Against the classical liberalist trope of modernity as rational, disenchanted, and enlightened, this article argues to reconstruct it as spell-bound by religion – namely, by capitalism as religion. The argument is drawn from combining a line of thinkers starting with Marx and ranging from Weber via Lukács and Benjamin to Goldmann and Berman. At the latest since the Marxian twist, any consequent emancipatory critique of religion incorporates a critique of capitalism as well – any project of modernity that is not self-contradictory can no longer be identified with capitalist modernisation. More succinctly, the former, conceived of as a political project, must precisely be about overcoming the latter. This is because, if capitalism is to be grasped as a religion, then any humanist or enlightened society would have to be postcapitalist. Accordingly, since we are not postcapitalist today, we are not humanist or enlightened either. The article will deliver the foundation of that argument by demonstrating why capitalism must be deciphered as an immanent material cult religion whose worldview is tragic, if not bleakly apocalyptic.
The Campus publishing house will publish a new book entitled ‚Idealbildung, Sakralisierung, Religion‘ (Ideal Formation, Sacralisation, Religion) on 19 January 2022, which brings together contributions to Hans Joas‘ ‚Die Macht des Heiligen‘ (The Power of the Sacred). Editors are: Magnus Schlette, Bettina Hollstein, Matthias Jung and Wolfgang Knöbl.
What drives the history of religion, how can the dynamics of cultural innovation be understood? Hans Joas gives a concise answer to this with the title of his book ‚The Power of the Sacred‘. However, he also takes the trouble to substantiate this answer on 600 pages between the covers of the book. In the volume now appearing, internationally renowned scholars engage with Joas‘ ambitious attempt to develop a historiography of religion and culture on this side of the common universal-historical narrative of secularisation and disenchantment. Contributors include Christoph Seibert, Jürgen Straub, Charles Taylor and Silvia Terpe.
The editors: Magnus Schlette is a lecturer in philosophy at the FEST in Heidelberg and a private lecturer in philosophy at the University of Erfurt. Bettina Hollstein is Managing Director at the Max-Weber-Kolleg at the University of Erfurt. Matthias Jung is Professor of Philosophy at the University of Koblenz. Wolfgang Knöbl is Director of the Hamburg Institute for Social Research.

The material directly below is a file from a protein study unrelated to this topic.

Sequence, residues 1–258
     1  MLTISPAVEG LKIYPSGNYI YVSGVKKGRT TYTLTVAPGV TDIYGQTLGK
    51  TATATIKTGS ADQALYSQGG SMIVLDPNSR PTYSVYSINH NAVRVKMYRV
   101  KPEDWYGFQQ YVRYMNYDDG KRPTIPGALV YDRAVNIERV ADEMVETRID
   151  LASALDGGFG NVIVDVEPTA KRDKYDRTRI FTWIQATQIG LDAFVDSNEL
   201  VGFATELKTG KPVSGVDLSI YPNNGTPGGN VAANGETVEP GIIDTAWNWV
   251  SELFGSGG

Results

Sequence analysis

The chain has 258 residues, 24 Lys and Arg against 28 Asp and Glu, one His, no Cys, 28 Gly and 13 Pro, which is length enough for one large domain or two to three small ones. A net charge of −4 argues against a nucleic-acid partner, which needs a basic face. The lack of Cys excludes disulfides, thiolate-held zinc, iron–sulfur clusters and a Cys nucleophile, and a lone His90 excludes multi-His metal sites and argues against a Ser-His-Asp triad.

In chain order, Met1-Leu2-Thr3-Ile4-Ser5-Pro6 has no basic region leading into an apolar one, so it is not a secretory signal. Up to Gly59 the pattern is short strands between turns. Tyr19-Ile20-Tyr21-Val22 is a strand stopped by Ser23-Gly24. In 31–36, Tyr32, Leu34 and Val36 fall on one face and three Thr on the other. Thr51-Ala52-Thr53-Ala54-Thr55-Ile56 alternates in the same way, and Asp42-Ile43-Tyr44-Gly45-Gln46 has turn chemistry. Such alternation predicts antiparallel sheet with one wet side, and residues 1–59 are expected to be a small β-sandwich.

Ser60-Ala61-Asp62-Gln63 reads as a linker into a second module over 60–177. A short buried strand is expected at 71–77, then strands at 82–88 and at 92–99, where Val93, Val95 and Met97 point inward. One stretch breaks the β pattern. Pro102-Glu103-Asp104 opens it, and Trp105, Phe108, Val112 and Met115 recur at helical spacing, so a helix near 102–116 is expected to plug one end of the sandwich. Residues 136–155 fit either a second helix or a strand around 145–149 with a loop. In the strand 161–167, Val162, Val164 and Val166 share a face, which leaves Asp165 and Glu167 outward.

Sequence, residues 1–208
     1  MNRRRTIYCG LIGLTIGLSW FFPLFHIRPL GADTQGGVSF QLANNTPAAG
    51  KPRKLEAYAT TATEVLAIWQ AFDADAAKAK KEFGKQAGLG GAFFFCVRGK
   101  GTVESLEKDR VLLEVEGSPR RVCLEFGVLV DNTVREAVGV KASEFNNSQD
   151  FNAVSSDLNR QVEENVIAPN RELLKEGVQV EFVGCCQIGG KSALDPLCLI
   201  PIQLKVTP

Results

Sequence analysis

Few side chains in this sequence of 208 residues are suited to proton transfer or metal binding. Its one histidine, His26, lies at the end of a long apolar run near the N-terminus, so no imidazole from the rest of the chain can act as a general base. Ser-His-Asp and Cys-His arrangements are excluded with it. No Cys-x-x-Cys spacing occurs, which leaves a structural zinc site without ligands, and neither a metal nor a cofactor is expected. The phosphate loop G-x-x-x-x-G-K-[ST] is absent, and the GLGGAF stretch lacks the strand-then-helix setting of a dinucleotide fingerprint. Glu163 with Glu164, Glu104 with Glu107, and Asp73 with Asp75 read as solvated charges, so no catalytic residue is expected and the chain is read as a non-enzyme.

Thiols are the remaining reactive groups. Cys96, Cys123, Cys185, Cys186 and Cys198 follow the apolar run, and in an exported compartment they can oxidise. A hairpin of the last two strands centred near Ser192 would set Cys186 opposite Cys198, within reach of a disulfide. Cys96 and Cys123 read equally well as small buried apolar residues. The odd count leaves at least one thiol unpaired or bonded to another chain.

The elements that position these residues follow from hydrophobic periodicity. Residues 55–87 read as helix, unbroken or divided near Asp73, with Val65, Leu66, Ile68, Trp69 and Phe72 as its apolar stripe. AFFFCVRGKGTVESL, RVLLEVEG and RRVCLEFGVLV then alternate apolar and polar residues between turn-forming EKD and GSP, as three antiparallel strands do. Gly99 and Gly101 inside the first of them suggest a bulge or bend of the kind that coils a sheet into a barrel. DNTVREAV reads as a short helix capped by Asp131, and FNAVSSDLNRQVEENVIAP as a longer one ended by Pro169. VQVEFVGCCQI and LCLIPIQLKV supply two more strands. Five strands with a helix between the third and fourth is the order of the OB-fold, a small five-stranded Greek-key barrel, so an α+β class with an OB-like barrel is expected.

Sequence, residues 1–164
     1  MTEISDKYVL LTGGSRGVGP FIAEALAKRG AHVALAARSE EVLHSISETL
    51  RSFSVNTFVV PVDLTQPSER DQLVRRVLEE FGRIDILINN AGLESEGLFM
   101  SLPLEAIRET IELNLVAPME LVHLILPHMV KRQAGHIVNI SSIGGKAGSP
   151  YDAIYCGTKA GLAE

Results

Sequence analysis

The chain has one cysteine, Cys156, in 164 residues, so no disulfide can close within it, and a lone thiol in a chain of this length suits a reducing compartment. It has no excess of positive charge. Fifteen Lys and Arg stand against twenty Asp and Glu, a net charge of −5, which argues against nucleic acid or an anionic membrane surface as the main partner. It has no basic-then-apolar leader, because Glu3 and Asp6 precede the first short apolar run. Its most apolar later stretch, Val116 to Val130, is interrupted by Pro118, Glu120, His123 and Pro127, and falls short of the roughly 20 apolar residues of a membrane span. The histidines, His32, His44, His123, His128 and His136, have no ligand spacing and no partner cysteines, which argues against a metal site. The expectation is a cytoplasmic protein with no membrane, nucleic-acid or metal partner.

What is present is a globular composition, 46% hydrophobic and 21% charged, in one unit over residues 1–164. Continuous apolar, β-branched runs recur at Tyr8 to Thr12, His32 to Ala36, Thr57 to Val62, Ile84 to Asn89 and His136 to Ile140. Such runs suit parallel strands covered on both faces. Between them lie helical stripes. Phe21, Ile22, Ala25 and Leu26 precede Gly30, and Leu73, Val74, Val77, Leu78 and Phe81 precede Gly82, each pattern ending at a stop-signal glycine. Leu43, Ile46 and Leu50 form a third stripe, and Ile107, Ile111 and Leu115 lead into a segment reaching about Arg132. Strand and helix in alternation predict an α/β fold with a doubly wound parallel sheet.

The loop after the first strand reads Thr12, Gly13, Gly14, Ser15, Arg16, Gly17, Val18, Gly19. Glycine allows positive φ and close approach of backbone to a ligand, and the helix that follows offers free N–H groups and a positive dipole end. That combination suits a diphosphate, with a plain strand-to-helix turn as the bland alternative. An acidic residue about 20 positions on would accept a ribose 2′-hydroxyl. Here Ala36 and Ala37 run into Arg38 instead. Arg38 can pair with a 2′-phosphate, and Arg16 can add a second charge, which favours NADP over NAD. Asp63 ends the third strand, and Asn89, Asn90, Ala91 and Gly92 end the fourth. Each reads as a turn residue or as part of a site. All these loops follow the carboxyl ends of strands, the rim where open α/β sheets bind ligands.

Magnus Schlette, Bettina Hollstein, Matthias Jung and Wolfgang Knöbl (eds.)
Idealbildung, Sakralisierung, Religion
Beiträge zu Hans Joas‘ ‚Die Macht des Heiligen‘
(series: Soziologie/Soziologische Theorien)
Campus publishing house, 2022
Kohlhammer will publish a new volume in the series ‚Die Religionen der Menschheit‘ at the end of January. The title of the English-language book, edited by Jörg Rüpke, Greg Woolf, Richard Gordon and others, is ‚Religion in the Roman Empire‘.
The Roman Empire was home to a fascinating variety of different cults and religions. Its enormous size, the lack of a precisely definable state religion and the constant exchange with the religions and cults of conquered peoples and neighbouring cultures led to a multifaceted religious beliefs and practices. This volume offers an overview of central aspects of cult and religion in the Roman Empire, including the distinction between public and private cult, the complex interrelationships between different religious traditions, their mutual developments and spreads, and the diversity of regional differences, rituals, religious texts and artefacts.
On 7 February 2022, the editors, Jörg Rüpke (Max-Weber-Kolleg of the University of Erfurt) and Greg Woolf (UCLA, USA), will present their new publication. The event will take place online and in English. You can find more information in our event calendar.
Jörg Rüpke, Greg Woolf, Richard Gordon a.o. (eds.)
Religion in the Roman Empire
(series: ‚Die Religionen der Menschheit‘)
Wallstein Verlag has just published a new book by Markus Kleinert entitled „Andere Klarheit“ (Other Clarity). It is – as the subtitle promises – an attempt at transfiguration in art, religion and philosophy. The book is also Kleinert’s habilitation thesis, which was awarded the Max Weber Prize for Young Researchers.
When hearing the term „transfiguration“, one might not first think that this could be a key concept for modernity. Transfiguration is called in religious contexts the elevation of the soul into the afterlife or the exaltation of a human being to a god, but above all the term is associated with that peculiar Bible episode of Christ’s transformation on a mountain. Ideas that are not exactly familiar in modern, secularised societies. But even the everyday understanding of transfiguration in the sense of a glossing over does not seem to suggest that transfiguration could be a key concept of modernity.